The parents of Manchester Arena suicide bomber Salman Abedi are wanted for questioning by police over the 2017 atrocity, it has emerged.
The Manchester Arena Inquiry began in September and is hearing evidence about whether opportunities to prevent the bombing were missed.
As a result of a legal ruling made at the inquiry it can now be reported that Abedi’s father, Ramadan Abedi, and his mother, Samia Tabbal, are among six people wanted for questioning by the police. They are both in Libya.
Ramadan Abedi fled Libya in 1993 and applied for asylum on the basis of his life being in danger from General Gaddafi's regime. He claimed political asylum. He was later linked to a Libyan Islamist organisation called LIFG which was a proscribed organisation. #Manchesterbombing— Total Crime (@totalcrime) September 9, 2020
Salman Abedi, 22, detonated a suicide bomb in his backpack in the foyer of the Manchester Arena just as thousands of people were emerging from a concert by US pop star Ariana Grande.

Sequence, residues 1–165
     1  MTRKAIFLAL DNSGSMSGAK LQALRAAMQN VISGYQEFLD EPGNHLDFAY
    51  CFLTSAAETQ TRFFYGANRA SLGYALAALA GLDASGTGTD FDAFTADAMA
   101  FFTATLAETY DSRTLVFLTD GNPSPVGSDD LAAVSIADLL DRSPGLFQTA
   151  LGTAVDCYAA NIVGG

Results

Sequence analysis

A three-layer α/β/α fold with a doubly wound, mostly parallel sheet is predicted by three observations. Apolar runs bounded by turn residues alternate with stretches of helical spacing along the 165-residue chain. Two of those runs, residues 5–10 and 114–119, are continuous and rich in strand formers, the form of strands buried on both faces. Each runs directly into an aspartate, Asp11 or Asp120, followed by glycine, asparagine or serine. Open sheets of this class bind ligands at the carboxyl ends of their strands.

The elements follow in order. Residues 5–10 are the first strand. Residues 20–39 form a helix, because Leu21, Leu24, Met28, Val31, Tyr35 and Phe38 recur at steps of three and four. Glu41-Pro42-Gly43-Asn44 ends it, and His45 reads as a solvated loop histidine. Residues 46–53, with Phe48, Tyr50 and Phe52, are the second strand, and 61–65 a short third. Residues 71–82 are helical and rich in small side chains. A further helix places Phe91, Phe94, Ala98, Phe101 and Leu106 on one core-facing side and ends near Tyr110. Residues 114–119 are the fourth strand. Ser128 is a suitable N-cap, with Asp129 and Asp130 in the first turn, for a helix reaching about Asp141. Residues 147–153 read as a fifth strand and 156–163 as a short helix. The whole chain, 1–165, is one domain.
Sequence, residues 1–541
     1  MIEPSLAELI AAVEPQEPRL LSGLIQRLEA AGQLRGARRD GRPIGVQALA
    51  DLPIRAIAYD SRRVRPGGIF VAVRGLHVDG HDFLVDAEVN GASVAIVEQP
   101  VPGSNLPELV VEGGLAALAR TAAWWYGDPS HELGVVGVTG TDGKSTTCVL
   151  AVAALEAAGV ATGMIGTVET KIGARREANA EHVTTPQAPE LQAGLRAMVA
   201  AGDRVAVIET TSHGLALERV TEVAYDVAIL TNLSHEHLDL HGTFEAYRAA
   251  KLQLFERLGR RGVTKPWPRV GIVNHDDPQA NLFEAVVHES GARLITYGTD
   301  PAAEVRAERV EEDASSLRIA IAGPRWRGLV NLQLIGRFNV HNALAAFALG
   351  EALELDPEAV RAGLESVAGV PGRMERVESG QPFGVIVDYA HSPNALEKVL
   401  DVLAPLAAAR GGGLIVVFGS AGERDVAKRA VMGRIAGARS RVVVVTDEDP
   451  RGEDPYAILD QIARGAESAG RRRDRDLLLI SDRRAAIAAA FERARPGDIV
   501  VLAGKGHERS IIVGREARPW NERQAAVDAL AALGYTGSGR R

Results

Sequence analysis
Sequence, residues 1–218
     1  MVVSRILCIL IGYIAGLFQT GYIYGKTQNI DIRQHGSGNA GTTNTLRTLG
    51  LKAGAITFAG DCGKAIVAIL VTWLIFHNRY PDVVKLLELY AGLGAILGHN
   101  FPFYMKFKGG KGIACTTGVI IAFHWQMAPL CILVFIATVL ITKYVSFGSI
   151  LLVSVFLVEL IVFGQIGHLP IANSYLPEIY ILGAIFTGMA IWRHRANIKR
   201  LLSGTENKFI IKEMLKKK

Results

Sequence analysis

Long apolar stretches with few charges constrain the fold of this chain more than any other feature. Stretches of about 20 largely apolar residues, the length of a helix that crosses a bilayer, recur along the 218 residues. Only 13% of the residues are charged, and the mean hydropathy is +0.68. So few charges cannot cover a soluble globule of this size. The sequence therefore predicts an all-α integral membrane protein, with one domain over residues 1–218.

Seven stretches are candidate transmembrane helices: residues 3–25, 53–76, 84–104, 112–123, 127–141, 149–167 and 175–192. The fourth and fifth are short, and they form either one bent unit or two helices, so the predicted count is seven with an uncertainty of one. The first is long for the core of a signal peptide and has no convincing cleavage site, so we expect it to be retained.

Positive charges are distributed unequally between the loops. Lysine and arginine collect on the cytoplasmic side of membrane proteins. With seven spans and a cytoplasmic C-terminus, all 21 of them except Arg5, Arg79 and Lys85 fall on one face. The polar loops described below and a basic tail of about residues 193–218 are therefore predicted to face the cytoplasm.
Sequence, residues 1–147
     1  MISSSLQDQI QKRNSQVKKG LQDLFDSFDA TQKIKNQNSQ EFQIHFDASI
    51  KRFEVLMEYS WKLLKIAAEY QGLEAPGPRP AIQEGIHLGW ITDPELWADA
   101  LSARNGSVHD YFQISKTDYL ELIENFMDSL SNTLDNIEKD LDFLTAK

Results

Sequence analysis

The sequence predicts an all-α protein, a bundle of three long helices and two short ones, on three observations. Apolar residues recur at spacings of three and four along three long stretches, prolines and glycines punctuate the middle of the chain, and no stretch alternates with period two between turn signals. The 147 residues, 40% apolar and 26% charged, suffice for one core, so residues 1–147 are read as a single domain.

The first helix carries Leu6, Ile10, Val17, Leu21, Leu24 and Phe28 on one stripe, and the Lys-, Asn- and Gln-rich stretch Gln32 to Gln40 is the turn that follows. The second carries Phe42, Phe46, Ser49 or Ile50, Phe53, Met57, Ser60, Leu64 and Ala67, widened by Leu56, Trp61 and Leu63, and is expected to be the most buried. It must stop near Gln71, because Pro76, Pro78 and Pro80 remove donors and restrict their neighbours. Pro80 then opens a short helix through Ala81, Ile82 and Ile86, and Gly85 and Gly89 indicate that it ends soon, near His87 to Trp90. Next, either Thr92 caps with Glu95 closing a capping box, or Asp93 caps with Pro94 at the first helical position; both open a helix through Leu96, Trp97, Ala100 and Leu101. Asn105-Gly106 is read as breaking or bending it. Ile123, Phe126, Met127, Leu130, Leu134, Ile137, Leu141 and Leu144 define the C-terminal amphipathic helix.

His younger brother Hashem Abedi helped him to make the bomb and plan the attack but later fled to Libya, before being extradited back to Britain. In August this year Abedi, 22, was locked up for a minimum of 55 years.
Ramadan Abedi is wanted after his fingerprints were found inside a Nissan Micra the brothers had used to store the explosives.
During the Manchester Arena Inquiry it has already emerged that members of the Abedi family have failed to offer any assistance to detectives investigating the blast, which killed 17 women and girls and five men, wounded 264 and left at least 670 other people with devastating psychological scars.
The Abedi brothers drew thousands of pounds out of their mother's account in the months before the attack while they bought tools and chemicals allegedly for making the bomb. A £300 specialist battery like the one used in the bomb was bought with their mother's debit card.— Daniel Sandford (@BBCDanielS) February 10, 2020
Greater Manchester Police tried to keep secret the names of the six individuals they were seeking to question as part of their investigation but various media organisations and the bereaved families successfully campaigned for the identities to be published.
The inquiry’s chair, Sir John Saunders, said he did not believe publication of the names risked prejudicing any future criminal proceedings.
The other suspects named in the document are Mohammed Soliman and Elyas Elmehdi, who are both believed to be abroad.
GMP also want to talk to Majdi Alamari, who lives in Libya, and Anas Abuhdaima, who is believed to be in the UK, so they can rule them out of their investigation.